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Roy Harper - Stormcock CD (album) cover

STORMCOCK

Roy Harper

 

Prog Folk

3.97 | 138 ratings

From Progarchives.com, the ultimate progressive rock music website

Mellotron Storm
Prog Reviewer
4 stars While i'm far from being a fan of Folk music I can't deny that this is one of the classics. Released in 1971 this is considered to be Roy's high water mark. Harper certainly had his fans and that included many musicians. LED ZEPPELIN would name a song after him on their "III" album called "Hats Off To (Roy) Harper" while PINK FLOYD would bring him in to sing on "Have A Cigar" from their "Wish You Were Here" record. Kate Bush,THE WHO and many others have pointed to him as an influence. Whenever you see quotation marks (other than around the song titles) i'm quoting from the article on this album in the Classic Rock Presents Prog magazine. "Stormcock" seems like an odd title to an album doesn't it ? Apparently this came from "The Mistle Thrush, whose habit of singing into the teeth of a gale offered Roy Harper what he thought was a suitable analogy for his own career". "He emerged from London's Boho Folk circuit of the 60's as a singer-songwriter of alarming intensity, motored by a terminal mistrust of authority and an inalienable belief in everyone's basic right to individual freedom.While other folkies were protesting the Vietnam War, Harper was railing against deeper society ills... "Shaped by a traumatic early life-a fanatically religious step-mother, homelessness, prison, a spell in a mental institution-his music avoided the easy route too." This album touches on several subjects."There were savage attacks on war, the judicial system, rock critics and religious dogma, among other things, alongside an anguished plea to save the planet".Jimmy Page plays acoustic guitar on one track while David Bedford adds some organ and orchestration.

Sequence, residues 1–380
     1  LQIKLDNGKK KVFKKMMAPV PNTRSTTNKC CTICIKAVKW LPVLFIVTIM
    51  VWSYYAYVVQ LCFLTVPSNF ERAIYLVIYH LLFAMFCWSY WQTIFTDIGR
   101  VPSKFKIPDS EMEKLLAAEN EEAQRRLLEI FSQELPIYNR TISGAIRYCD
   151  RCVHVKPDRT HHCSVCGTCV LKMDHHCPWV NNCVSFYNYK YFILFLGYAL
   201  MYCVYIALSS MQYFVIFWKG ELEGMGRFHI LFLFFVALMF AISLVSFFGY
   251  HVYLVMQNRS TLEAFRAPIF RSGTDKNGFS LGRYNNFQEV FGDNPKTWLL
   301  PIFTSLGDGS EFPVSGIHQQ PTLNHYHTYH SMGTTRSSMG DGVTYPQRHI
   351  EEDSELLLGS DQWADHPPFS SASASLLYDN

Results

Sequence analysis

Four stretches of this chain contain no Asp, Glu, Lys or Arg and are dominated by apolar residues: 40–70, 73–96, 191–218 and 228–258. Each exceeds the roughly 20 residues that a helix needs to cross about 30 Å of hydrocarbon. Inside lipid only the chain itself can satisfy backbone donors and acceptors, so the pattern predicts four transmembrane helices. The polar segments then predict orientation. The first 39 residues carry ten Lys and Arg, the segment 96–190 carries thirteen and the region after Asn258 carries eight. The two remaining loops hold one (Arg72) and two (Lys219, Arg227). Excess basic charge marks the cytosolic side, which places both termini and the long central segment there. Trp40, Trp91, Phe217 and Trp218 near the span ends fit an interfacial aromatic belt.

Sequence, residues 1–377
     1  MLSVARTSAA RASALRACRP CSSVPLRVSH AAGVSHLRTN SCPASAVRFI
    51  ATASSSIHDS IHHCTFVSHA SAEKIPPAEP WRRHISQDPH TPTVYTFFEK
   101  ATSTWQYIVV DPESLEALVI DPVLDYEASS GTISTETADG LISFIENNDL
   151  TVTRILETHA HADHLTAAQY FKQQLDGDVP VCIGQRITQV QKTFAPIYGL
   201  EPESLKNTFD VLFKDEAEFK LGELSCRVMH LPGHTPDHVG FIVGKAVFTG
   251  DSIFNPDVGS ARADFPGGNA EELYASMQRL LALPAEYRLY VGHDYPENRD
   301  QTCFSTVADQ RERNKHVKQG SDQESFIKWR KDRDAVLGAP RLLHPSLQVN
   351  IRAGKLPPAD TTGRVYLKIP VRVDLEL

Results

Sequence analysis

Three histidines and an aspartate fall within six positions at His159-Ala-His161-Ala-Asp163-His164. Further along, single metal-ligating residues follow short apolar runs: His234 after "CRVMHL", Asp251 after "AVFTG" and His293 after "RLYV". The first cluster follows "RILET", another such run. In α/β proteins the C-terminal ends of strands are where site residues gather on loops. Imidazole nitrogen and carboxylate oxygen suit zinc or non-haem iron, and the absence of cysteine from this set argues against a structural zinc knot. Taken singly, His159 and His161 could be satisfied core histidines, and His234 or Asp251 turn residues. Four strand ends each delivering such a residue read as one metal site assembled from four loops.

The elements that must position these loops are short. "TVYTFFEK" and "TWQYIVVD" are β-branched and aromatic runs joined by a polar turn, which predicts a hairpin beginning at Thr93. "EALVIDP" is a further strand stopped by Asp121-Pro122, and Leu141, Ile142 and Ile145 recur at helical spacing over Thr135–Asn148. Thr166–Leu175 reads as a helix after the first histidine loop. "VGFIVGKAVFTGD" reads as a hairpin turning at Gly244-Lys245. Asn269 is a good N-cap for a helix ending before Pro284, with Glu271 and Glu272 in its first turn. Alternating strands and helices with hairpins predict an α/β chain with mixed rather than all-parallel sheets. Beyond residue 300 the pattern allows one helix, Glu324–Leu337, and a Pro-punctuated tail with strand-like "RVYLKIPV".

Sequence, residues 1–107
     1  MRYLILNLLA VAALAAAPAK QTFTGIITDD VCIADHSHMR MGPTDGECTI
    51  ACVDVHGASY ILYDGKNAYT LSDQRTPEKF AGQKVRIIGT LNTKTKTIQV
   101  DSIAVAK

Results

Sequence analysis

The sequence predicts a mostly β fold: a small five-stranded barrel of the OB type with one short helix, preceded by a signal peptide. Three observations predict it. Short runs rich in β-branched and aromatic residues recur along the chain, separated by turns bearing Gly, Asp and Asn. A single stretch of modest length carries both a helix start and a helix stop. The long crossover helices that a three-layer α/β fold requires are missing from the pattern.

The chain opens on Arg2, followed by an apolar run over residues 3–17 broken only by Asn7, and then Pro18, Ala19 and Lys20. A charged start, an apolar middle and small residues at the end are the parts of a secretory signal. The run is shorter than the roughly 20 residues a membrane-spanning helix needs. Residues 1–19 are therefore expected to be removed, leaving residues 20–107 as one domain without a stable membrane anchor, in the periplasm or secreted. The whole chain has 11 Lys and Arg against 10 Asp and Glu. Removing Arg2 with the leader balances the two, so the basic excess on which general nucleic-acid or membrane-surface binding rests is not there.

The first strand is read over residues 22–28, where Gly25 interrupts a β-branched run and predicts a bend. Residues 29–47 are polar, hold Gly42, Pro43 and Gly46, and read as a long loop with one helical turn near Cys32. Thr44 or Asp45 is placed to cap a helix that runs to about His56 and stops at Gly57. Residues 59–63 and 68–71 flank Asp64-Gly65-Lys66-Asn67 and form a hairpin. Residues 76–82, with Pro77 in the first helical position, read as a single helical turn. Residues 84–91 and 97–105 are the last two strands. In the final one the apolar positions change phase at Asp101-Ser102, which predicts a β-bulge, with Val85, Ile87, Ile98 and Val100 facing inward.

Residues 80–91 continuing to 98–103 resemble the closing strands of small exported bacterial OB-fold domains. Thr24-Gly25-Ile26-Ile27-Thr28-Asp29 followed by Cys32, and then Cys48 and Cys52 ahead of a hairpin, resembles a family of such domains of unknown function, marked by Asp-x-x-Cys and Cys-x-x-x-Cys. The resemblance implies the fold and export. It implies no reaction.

"Hors D'Oeuvers" is a rant against both the judicial system and rock critics of the day. Mostly acoustic guitars and vocals. We do get some backing vocal melodies before 3 minutes. "The Same Old Rock" is the anti-religion song although Harper says it's not that specific but "a discourse on the constrictive nature of any kind of dogmatic institution you care to name". Jimmy Page plays on this track.This is Harper's personal favourite from this album. "Jimmy is so intuative", he explains "He finds things he can identify with and that's what he did on that song. It was just an atmosphere he created and is one of those things you just remember forever in your life. Jimmy elevated it into something else entirely"."It's an astonishing piece of work all around, both men spinning soundwebs as complex as they are complimentary".

"One Man Rock And Roll" "is both a meditation on the madness of war and the peace movement's propensity for breaking out into full scale riots". "Me And My Woman" has orchestration that comes and goes throughout from David Bedford. Bedford says this is "like an opera"."The themes and basic riff keep recurring". It's a song about Roy's ex wife but also the enviroment.

If your a Folk fan this is a must but even if your not that big a fan of that style you need to check this out.

Mellotron Storm | 4/5 |

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